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Friday, July 13, 2007

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That was then, this is now



My twentieth high school reunion would have been this summer. I say "would have," because unless great pains have been taken to hide it from me, nobody cared enough to pull it together. Or people cared, but everybody hoped someone else would step up. It's like a Generation X joke:
Question: How many Gen Xers does it take to overcome their collective apathy and stage a high school reunion?

Answer: Whatever.

Most people who went to school with me might be surprised to learn that I am disappointed it didn't happen. Not exactly crushed, but mildly bummed. I would have totally gone. Sorry, the satellite radio in the cafe I am writing from is synchronistically tuned to the eighties station (hey, Depeche Mode!) and it is going to be hard to keep from sounding like Molly Ringwald here, although I was more Ally Sheedy, if you know what I mean.

Is there anyone for whom high school comprised the best years of their lives? I hope not. How sad and awful that would be, even for the Mollys and Emilios. When I look back on that time, it's like watching children playing in bombed out buildings on tv. It is a kind of testament to youthful resilience that good times can happen amid all the wreckage.

At least, that was my experience. My teen years were my Beirut and Belfast. The house I grew up in burned down the year I was fifteen, my Dad was not in a good place, my mother was trying to dig a path through the rubble with my little sister in her arms. My family was crumbling, falling apart. School was no shelter. Just another mine field to be navigated.

In between dodging all the bits of falling sky, however, I had some wonderful times. By my senior year, I had become adept at evading mean girls, concerned adults, and about a third of my classes. I began seeing a twenty-six year old bartender, and I pretty much lived at his place. But when I wasn't hanging around nightclubs with people ten years older than me, I was doing a lot of the normal teenage things: goofing off with my girlfriends, hanging out at the mall, making tissue paper flowers for senior prom.

It wasn't Sweet Valley High, but it had its moments.

I remember attending a house party around graduation time, all of us dancing on the carpet to John Mellencamp's song, "Jack and Diane."
Hold on to 16 just as long as you can.
Big changes coming round real soon
make us women and men.

At seventeen, I wasn't the slightest bit interested in hanging onto any age that ended with the letters T-E-E-N. But I felt the truth of the line about big changes, even in my jaded youth, even in the middle of that cynical decade. I remember having an acute awareness that we had just come through something together and were now on the cusp of everything that would come after. There are moments in the reel of life that are captured in freeze-frame, and this is one of mine.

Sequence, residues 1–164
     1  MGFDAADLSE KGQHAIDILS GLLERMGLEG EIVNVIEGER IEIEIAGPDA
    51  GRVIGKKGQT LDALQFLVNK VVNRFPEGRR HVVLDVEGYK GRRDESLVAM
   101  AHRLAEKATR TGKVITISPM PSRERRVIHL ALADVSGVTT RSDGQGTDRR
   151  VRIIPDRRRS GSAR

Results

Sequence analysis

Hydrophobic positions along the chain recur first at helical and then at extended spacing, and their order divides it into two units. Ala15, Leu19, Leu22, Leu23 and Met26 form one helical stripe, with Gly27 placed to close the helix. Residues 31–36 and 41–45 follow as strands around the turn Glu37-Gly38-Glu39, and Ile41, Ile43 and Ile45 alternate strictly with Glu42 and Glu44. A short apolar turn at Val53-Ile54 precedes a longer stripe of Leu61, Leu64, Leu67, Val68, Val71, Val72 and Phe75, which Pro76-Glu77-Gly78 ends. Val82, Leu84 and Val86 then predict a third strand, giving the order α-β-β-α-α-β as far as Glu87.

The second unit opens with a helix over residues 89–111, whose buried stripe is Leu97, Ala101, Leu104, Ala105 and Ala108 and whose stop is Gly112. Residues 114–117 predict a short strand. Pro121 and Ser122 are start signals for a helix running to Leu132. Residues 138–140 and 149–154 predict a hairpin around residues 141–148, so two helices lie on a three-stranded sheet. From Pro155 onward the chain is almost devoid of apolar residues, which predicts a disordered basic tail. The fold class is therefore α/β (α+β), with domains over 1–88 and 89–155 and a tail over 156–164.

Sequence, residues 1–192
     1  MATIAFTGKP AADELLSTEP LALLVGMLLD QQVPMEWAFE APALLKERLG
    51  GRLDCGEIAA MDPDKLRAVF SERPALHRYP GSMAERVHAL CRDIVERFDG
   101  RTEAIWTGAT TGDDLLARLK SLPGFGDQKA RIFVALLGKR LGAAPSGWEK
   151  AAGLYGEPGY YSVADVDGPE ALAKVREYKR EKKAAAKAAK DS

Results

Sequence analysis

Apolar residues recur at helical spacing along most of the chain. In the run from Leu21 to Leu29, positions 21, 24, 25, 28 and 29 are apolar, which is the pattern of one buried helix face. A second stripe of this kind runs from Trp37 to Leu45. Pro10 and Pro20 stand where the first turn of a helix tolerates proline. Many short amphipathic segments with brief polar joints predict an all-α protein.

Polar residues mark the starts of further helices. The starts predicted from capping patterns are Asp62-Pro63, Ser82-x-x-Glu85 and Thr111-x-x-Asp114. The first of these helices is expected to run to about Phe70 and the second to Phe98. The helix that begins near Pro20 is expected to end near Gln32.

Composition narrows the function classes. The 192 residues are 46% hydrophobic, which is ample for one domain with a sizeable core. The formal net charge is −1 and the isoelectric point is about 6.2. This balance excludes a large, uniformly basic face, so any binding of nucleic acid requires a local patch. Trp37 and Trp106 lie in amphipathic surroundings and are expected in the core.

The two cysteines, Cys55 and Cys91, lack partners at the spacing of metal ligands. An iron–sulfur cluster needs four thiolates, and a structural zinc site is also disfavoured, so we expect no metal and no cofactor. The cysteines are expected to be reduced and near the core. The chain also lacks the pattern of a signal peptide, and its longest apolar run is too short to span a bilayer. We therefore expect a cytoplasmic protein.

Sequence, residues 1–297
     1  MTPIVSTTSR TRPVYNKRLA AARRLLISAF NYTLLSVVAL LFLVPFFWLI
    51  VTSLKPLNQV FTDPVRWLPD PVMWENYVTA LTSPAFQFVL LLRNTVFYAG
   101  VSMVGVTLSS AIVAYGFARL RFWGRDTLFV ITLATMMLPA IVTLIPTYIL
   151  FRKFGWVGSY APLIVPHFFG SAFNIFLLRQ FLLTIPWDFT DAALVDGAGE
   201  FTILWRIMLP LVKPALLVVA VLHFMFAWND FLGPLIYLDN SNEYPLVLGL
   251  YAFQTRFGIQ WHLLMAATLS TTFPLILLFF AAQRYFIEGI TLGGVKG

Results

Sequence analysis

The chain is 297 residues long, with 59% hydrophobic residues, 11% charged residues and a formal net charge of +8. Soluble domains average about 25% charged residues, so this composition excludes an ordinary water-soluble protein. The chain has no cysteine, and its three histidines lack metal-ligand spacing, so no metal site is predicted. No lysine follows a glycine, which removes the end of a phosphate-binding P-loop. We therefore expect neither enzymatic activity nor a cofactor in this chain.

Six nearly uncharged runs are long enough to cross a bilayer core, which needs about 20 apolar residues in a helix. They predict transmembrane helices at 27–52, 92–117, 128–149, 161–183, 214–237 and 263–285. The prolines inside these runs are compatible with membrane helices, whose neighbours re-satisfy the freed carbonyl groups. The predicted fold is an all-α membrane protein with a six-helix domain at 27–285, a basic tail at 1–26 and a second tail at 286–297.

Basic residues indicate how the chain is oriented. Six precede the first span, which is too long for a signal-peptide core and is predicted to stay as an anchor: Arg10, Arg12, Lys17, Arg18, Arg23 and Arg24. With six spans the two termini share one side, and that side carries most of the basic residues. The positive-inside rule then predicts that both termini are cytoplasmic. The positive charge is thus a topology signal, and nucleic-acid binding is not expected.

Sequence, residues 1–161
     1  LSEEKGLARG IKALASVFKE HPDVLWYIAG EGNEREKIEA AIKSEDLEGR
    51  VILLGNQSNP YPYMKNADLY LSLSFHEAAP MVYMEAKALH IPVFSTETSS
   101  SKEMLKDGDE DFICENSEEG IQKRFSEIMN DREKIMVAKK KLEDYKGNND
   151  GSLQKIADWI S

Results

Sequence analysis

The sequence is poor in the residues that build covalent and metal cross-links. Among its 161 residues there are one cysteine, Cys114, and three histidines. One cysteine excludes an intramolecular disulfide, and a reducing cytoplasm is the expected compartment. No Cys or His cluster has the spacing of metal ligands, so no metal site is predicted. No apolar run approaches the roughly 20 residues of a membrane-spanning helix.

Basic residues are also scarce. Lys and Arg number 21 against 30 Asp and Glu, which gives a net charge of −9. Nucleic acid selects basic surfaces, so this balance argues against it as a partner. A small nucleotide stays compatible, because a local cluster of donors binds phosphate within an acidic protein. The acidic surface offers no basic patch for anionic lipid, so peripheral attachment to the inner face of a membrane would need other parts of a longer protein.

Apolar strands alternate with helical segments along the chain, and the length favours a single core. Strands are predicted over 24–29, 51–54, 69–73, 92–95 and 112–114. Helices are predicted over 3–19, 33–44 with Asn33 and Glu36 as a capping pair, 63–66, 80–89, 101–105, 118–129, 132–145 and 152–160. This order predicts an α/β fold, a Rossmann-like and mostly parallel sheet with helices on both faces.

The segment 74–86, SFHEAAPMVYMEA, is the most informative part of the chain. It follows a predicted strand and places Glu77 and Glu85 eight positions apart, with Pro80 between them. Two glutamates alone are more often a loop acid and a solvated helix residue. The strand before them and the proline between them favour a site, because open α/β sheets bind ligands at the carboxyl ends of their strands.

Reunion is the wrong word for a bunch of people who were never really united in the first place, except by circumstance. I wouldn't go back to that fractious time for anything. But I would like to see everyone, just once. The cool kids, the stoners, the jocks, the geeks, even the mean girls. Because whether I liked them or not, whether they liked me or not, whether we would find anything to say to each another past one night's worth of reminiscing over the punch bowl, we were all in it together, doing the best we could with whatever hand we'd been dealt.

It was what it was, and I don't feel a need to go back and fix it. I don't want to get even. I don't necessarily want to stay in touch. I don't care to compare hip measurements or salaries or our kids' I.Q. scores. I'd like just one more roll call. To know that everyone made it out okay; that we were all able to let go of those years and become women and men.

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6 Comments:

Blogger Minivan Bohemian said...

You are such a gifted writer. I look forward to stealing a little time away from the kiddos and reading your blog. Thanks for reminding us that we weren't really in the brat pack!

3:04 PM  
Blogger Charlotte said...

I missed my 20th school reunion last year in South Africa, because I live in Germany and it would have cost a lot to fly out for a lunch. But I would have liked to have gone for just that reason: to see them and how they have become women (I was at an all-girls' school).

4:35 PM  
Blogger bluebird of paradise said...

oh you should so organize one. even an unorganized one. if you build they will come............

7:43 AM  
Blogger littlepurplecow said...

Loved your Gen X joke. Class of 87 rocks on.

10:23 PM  
Blogger jen lemen said...

so glad i missed mine. going to my tenth nearly put me under. i'm not sure what i like about this post more--the 80's hair or the sears baby book on the top shelf. rock on, dr. sears.

9:22 AM  
Blogger Cheryl said...

I graduated in 1985 and my class did finally have a reunion at 20 years (it was our first). I'm glad we had it and I'm glad I went. Actually, not only did I go, I took part in putting it together because I knew it wasn't going to happen unless someone made it happen. It was interesting, in a good way. There was no pettiness, no car/salary/kid/figure comparisons. I say try for 25 years.

8:59 PM  

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